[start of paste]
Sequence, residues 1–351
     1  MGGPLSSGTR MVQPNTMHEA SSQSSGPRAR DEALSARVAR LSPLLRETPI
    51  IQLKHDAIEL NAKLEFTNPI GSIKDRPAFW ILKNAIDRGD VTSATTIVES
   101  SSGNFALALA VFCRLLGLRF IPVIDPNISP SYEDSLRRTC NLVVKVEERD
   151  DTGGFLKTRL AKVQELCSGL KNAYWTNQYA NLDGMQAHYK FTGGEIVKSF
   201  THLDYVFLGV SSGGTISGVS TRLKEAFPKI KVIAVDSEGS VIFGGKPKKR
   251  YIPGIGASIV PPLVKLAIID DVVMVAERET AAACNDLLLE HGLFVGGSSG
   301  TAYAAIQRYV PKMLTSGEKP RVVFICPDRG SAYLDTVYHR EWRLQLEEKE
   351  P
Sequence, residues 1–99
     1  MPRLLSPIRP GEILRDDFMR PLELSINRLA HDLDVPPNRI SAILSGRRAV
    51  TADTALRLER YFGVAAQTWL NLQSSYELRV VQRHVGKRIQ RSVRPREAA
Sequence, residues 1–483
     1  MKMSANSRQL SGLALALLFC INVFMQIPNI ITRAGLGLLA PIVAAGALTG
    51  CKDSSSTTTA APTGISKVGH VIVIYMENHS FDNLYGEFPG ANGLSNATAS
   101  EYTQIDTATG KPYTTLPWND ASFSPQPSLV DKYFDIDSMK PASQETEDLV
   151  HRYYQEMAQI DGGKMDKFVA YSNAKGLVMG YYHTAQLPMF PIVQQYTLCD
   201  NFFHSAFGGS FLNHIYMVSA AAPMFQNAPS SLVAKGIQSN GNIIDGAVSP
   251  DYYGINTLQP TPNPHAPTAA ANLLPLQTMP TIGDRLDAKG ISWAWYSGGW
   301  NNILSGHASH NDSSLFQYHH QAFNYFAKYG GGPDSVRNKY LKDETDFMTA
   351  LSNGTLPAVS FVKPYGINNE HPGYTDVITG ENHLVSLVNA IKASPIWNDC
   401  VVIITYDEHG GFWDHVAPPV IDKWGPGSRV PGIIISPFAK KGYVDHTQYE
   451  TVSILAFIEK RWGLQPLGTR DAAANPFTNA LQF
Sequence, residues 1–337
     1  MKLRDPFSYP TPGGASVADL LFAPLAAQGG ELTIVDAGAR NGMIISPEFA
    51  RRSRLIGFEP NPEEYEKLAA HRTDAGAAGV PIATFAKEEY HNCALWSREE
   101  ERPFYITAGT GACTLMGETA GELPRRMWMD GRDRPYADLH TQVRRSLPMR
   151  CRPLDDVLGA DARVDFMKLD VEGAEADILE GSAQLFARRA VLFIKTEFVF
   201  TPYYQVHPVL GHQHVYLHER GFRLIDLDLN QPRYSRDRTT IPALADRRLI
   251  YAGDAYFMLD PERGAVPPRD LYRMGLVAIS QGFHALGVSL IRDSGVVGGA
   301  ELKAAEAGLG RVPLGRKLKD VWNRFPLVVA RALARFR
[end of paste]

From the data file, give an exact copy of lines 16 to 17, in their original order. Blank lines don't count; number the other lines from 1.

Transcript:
   101  EYTQIDTATG KPYTTLPWND ASFSPQPSLV DKYFDIDSMK PASQETEDLV
   151  HRYYQEMAQI DGGKMDKFVA YSNAKGLVMG YYHTAQLPMF PIVQQYTLCD